Oral sub-chronic ochratoxin A exposure induces gut microbiota alterations in mice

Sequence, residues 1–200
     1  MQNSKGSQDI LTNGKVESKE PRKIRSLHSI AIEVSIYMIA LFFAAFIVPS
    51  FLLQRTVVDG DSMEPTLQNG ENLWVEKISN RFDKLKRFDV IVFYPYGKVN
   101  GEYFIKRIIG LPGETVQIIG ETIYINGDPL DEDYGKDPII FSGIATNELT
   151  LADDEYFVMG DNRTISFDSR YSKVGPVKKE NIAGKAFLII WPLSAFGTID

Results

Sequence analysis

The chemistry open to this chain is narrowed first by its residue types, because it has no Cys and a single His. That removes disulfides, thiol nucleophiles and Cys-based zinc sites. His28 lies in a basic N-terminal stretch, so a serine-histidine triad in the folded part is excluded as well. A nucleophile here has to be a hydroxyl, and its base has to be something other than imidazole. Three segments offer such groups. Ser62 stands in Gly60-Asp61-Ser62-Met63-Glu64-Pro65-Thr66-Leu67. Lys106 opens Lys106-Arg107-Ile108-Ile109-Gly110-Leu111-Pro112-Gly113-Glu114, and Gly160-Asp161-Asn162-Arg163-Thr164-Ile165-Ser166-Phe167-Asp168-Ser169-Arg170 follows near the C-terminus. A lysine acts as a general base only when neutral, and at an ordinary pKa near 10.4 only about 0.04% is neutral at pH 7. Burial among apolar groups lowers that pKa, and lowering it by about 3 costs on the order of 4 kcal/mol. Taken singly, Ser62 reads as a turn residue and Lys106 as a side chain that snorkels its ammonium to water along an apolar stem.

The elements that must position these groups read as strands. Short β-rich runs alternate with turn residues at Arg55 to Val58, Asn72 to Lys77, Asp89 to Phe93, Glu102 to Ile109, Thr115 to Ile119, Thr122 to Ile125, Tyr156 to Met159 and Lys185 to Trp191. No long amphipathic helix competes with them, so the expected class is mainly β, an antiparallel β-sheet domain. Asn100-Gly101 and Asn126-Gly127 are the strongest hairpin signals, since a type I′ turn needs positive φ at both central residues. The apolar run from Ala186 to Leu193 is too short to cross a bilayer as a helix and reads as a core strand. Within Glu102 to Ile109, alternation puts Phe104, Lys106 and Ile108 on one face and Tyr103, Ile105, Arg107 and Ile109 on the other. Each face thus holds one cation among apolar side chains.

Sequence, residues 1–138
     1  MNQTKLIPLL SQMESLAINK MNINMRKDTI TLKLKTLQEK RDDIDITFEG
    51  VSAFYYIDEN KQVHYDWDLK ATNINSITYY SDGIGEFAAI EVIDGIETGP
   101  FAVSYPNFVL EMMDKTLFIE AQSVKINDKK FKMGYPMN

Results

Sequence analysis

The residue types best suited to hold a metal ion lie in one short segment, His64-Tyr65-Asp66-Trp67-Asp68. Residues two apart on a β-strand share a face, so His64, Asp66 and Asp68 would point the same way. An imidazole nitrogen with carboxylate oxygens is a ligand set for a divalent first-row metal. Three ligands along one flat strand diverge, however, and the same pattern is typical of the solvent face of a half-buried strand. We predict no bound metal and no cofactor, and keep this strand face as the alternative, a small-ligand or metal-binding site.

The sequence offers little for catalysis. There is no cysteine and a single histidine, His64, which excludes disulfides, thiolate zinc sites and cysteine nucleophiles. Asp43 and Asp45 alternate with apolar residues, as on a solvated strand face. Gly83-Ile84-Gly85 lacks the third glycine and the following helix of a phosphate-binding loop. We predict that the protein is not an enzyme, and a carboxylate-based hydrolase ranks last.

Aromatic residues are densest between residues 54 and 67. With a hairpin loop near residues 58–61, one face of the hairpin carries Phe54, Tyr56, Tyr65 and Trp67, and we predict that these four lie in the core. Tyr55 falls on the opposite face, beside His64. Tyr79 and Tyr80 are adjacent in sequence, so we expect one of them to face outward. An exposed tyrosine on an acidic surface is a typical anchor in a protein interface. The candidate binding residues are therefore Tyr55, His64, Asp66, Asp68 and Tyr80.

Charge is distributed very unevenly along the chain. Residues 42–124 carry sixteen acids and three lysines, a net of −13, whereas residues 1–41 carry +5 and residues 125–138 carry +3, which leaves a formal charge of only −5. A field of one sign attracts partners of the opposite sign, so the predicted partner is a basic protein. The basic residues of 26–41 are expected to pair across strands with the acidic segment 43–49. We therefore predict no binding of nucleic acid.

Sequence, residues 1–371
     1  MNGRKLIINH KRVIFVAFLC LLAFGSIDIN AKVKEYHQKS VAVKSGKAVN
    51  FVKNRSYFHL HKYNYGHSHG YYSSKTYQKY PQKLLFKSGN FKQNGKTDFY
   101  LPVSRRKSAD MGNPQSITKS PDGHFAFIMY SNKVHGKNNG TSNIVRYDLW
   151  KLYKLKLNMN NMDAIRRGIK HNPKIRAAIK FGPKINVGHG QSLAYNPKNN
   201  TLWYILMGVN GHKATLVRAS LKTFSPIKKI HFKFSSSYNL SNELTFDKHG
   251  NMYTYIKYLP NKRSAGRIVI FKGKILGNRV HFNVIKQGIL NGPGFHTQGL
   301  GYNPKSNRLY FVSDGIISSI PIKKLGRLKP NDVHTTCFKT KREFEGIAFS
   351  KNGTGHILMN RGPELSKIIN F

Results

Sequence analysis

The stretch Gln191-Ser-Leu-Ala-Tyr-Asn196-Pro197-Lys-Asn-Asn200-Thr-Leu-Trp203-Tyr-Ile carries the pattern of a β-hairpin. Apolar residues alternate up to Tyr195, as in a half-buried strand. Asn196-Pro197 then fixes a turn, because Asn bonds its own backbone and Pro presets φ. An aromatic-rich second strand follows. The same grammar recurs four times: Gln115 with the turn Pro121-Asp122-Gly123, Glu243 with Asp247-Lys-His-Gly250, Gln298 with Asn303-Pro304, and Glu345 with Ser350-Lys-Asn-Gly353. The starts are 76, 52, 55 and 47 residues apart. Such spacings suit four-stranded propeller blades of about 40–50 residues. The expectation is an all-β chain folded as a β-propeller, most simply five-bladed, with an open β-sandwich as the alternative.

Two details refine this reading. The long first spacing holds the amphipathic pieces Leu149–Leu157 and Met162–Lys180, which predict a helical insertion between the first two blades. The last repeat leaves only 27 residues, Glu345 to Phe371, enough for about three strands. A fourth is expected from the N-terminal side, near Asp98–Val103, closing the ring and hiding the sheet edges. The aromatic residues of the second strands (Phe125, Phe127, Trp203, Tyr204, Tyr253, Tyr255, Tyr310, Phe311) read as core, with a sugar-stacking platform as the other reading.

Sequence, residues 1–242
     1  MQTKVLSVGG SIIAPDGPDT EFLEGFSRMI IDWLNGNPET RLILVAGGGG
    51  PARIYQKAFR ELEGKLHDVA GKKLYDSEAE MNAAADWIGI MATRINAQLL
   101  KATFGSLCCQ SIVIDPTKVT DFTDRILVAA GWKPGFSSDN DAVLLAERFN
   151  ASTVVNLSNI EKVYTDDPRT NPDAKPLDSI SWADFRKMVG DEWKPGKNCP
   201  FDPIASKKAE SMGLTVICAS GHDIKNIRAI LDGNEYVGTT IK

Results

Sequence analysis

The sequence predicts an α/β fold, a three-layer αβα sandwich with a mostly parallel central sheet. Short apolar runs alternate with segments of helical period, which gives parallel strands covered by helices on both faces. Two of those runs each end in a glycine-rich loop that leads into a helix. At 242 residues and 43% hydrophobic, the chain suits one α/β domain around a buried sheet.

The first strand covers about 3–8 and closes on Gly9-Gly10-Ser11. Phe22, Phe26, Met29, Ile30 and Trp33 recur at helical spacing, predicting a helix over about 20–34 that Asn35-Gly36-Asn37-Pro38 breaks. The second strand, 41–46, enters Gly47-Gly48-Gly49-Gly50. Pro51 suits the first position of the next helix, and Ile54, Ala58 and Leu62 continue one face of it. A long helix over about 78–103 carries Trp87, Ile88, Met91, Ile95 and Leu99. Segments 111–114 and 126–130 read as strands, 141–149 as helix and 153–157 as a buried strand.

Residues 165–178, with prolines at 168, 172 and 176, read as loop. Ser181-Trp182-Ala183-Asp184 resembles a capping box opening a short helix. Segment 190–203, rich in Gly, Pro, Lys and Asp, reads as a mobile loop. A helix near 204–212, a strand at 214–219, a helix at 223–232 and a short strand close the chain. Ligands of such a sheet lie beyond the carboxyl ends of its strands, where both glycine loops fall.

Gut microbiota plays crucial roles in maintaining host health. External factors, such as diet, medicines, and environmental toxins, influence the composition of gut microbiota. Ochratoxin A (OTA) is one of the most prevalent and relevant mycotoxins and is a highly abundant food and animal feed contaminant. In the present study, we aimed to investigate OTA gut microbiome toxicity in mice sub-chronically exposed to low doses of OTA (0.21, 0.5, and 1.5 mg/kg body weight) by daily oral gavage for 28 days. Fecal microbiota from control and OTA-treated mice was analyzed using 16S ribosomal RNA (rRNA) gene sequencing followed by metagenomics. OTA exposure caused marked changes in gut microbial community structure, including the decrease in the diversity of fecal microbiota and the relative abundance of Firmicutes, as well as the increase in the relative abundance of Bacteroidetes at the phylum level. At the family level, six bacterial families (unclassified Bacteroidales, Porphyromonadaceae, unclassified Cyanobacteria, Streptococcaceae, Enterobacteriaceae, Ruminococcaceae) were significantly altered by OTA exposure. Interestingly, OTA-induced changes were observed in the lower-dose OTA groups, while high-dose OTA group microbiota was similar to control group. Our results demonstrated that sub-chronic exposure at low doses of OTA alters the structure and diversity of the gut microbial community.